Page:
Statement of solidarity and support for BAME colleagues and communities

Publication date: 26 June 2020

The Royal College of General Practitioners believes that all forms of racism are abhorrent and must not be tolerated. The tragic death of George Floyd - adding to the disproportionate number of black people killed by police in the US - and the response and subsequent activism by the Black Lives Matter movement have made us all hold up a mirror to ourselves and recognise that we are all part of structural racism.

Now is the time to act and we all need to work together to change.

General practice is a diverse profession caring for diverse patient populations. Our diversity is our strength. The College stands in solidarity with our Black, Asian and Minority Ethnic (BAME) colleagues, and we are committed to addressing the systemic inequalities that affect them.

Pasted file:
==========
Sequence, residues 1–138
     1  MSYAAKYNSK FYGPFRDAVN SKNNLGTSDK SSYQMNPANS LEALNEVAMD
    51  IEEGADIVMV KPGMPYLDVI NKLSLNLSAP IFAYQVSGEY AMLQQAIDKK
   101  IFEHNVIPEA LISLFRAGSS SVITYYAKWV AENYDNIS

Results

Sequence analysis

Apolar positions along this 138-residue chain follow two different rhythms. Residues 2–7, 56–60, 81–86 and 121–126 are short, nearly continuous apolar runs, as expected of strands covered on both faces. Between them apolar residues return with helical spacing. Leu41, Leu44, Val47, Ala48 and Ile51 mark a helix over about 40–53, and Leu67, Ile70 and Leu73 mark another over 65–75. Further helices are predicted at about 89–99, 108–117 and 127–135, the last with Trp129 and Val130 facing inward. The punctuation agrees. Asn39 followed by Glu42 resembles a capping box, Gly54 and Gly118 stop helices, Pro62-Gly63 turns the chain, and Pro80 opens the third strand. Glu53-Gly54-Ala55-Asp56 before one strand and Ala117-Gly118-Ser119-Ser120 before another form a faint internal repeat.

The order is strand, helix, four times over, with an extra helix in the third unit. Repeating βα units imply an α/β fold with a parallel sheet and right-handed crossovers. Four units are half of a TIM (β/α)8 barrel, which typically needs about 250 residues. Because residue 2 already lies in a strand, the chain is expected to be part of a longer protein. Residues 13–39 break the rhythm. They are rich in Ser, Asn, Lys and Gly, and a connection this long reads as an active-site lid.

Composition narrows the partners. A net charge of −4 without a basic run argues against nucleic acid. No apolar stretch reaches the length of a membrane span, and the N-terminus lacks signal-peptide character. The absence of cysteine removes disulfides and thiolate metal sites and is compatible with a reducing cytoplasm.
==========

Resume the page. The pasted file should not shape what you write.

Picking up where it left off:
Whilst recent events have been difficult to witness and comprehend, they have presented us with a unique challenge the status quo once and for all - and this statement of solidarity must be accompanied by actions which are visible, practical, and long lasting.

The COVID-19 pandemic has also brought health inequalities and social injustice, particularly that experienced by BAME communities, into sharp focus.

Among our network of local Faculties are some of the best examples of diversity in general practice, but COVID-19 has hit these communities hard, including BAME staff; of the 12 GPs who have died, 11 were from BAME communities.